Great Race Rises on a Historical Journey

Published on October 30th, 2013

The 5460 mile Transat Jacques Vabre celebrates its eleventh edition when it begins November 3. Over its history the race has stuck loyally to the formula – following the coffee route across the Atlantic Ocean – with the 2013 edition carrying the 43-boat fleet from Le Havre, France to Itajai, Brazil.

The multihull classes taking part are the MOD70 trimaran (2) and Multi50s (6), while the IMOCA Open 60 (10) and Class 40 (25) comprise the monohull divisions. In this report, one team tells Stuart Alexander of The Independent about the dangers of 70-foot trimaran they will be racing…

(October 30, 2013) – There are no rescue boats in the middle of the Atlantic. There may be a passing ship, though the majority are quite well north, and there may be a fellow competitor. But Irishman Damian Foxall and his co-skipper Sidney Gavignet will have to rely on themselves and each other as they tackle the 5,450 miles from Le Havre to Itajai, Brazil.

They are racing a 70-foot trimaran in the bi-ennial Transat Jacques Vabre (TJV) carrying the colours of Oman Air and they have seen two sister boats capsize spectacularly this year, on both occasions with a crewman badly injured.

There is also no ambulance service mid-Atlantic, no A&E standing by to mend broken bones and bodies. “We know why those two capsizes occurred and we have developed some techniques to avoid it happening to us,” said Foxall tucking into his favourite sushi on the dockside of the Bassin Paul Vatine.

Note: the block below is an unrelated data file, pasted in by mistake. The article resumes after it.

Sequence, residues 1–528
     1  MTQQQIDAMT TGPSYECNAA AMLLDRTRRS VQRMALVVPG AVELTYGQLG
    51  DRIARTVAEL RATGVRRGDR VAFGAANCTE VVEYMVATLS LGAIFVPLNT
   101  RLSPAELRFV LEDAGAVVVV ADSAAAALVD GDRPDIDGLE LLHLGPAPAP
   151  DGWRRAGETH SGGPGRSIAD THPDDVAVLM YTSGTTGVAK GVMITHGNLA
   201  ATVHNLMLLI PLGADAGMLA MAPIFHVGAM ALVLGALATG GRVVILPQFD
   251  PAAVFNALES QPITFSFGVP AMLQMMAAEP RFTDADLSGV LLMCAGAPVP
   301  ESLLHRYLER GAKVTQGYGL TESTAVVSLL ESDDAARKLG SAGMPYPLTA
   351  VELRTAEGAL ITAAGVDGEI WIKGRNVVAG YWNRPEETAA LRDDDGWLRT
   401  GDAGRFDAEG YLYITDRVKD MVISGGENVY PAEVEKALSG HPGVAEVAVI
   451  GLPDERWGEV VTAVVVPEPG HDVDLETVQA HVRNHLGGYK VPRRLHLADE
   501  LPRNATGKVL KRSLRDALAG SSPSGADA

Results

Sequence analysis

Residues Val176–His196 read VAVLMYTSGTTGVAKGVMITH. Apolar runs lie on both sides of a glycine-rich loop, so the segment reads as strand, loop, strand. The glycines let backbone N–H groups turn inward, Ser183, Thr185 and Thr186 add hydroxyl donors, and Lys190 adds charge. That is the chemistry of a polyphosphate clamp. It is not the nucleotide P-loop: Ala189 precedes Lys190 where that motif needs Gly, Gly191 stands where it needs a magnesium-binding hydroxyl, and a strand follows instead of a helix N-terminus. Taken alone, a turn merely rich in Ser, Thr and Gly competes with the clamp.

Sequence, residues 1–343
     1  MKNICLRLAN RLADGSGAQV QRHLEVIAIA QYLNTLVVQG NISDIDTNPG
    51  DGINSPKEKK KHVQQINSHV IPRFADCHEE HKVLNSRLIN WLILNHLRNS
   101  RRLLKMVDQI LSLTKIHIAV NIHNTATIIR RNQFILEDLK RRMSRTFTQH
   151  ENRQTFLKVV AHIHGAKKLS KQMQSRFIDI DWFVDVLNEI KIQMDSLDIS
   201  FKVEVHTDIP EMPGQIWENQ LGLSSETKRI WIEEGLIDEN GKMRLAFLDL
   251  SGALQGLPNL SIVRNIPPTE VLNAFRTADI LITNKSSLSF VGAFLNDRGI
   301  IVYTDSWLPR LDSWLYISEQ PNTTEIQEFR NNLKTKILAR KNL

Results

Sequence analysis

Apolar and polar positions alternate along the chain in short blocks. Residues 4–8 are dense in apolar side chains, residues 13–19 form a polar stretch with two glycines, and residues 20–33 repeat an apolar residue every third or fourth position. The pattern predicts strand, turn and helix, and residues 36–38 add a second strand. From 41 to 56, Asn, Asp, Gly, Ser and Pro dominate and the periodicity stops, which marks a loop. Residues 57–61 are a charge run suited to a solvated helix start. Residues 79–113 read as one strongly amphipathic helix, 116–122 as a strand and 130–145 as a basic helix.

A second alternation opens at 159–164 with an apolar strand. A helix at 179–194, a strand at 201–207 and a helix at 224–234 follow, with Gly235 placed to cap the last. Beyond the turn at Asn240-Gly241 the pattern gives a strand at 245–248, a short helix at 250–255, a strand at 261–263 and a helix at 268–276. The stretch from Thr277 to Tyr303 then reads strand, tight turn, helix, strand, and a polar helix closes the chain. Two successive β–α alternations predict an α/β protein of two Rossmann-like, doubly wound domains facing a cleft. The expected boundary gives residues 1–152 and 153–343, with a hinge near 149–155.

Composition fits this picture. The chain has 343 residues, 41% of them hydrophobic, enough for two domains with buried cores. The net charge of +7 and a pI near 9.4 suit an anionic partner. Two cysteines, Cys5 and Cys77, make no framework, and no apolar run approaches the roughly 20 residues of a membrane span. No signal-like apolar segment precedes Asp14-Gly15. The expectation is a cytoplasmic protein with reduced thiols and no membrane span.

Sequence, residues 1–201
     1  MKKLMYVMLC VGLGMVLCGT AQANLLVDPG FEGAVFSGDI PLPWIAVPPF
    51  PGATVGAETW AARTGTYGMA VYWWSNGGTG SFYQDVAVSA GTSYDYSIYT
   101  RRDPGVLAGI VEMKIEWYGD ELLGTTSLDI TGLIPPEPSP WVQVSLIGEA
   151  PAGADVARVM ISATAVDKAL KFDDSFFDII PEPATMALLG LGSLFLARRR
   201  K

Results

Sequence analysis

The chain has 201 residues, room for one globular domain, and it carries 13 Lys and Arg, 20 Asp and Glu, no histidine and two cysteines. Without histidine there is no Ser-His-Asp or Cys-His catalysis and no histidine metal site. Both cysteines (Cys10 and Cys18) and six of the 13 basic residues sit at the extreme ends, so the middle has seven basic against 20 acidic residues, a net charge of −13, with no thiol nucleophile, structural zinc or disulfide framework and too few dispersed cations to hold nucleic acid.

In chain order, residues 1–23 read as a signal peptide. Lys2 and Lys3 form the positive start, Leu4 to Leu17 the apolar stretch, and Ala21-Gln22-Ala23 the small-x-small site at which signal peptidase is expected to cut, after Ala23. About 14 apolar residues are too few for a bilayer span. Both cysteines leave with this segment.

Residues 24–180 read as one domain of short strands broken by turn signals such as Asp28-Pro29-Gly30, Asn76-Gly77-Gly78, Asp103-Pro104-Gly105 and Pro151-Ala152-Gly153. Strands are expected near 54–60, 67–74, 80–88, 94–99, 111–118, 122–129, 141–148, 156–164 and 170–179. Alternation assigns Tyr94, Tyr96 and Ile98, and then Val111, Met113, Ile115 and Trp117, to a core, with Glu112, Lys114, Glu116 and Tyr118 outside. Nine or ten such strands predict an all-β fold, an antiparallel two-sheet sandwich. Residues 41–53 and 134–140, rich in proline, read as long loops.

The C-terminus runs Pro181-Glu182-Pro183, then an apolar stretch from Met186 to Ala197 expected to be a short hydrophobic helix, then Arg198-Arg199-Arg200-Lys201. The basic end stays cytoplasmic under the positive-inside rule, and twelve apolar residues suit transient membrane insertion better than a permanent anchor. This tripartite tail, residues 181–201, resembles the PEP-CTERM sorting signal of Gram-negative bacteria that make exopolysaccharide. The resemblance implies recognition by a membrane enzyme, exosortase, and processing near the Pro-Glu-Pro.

“I have capsized once in a 60-foot trimaran, so stepping on to our 70-footer in January this year had an element of having to get back on the horse, but seeing what has happened has had an effect. You can’t sail these things in a gung-ho sort of way. We had better be careful.”

In some extended training sessions, including a qualifier around the Fastnet Rock, the confidence in each other and the chemistry between them has developed.

“We know each other very well,” says Foxall, who won with another Frenchman, Jean-Pierre Dick, the Barcelona doublehanded non-stop round the world race. Dick’s 70-foot tri was one of the two to capsize, breaking the mast in three, cracking vertebrae in Dick’s back and knocking him and Roland Jourdain out of the TJV.

The other to flip was Spindrift 1 when racing in Dublin as part of the Route des Princes. Skipper Yann Guichard’s brother Jacques broke his pelvis in five places and is just about recovered over four months later.

“We have had to recalibrate the way we think,” says Foxall, now based in Quebec with wife, son and daughter. “We cannot push ourselves and the boat to the limit and beyond, we don’t want to feel we have to go into the red to perform. But we know we have the tools to do the job ahead.”

There is a rich vein of irony when he says: “We are in the match racing class.” Other classes starting ahead of him include 26 40-footers, 10 Open 60 monohulls and six 50-foot multihulls. It is a reference to their being just two MOD70s left, the Omani Musandam and Gitana XV.

Seamanship is important to complete the course, strategy, helped by weather router Jean-François Cuzon, is ever-present, and tactics, trying always to outwit the Gitana pairing of Sébastien Joss and Charles Caudrelier, can sometimes override strategy. They all know each other well, none expects any wild gambles.

The language on board the Omani boat is a mixture of French and English, the approach to sailing it is fully integrated, which leaves the most subtle of differences when it comes to the treat they both allow themselves on what should be a 14-day race. Gavignet takes a plentiful supply of chestnut purée; for Foxall it is Nutella. Same spoon, though.

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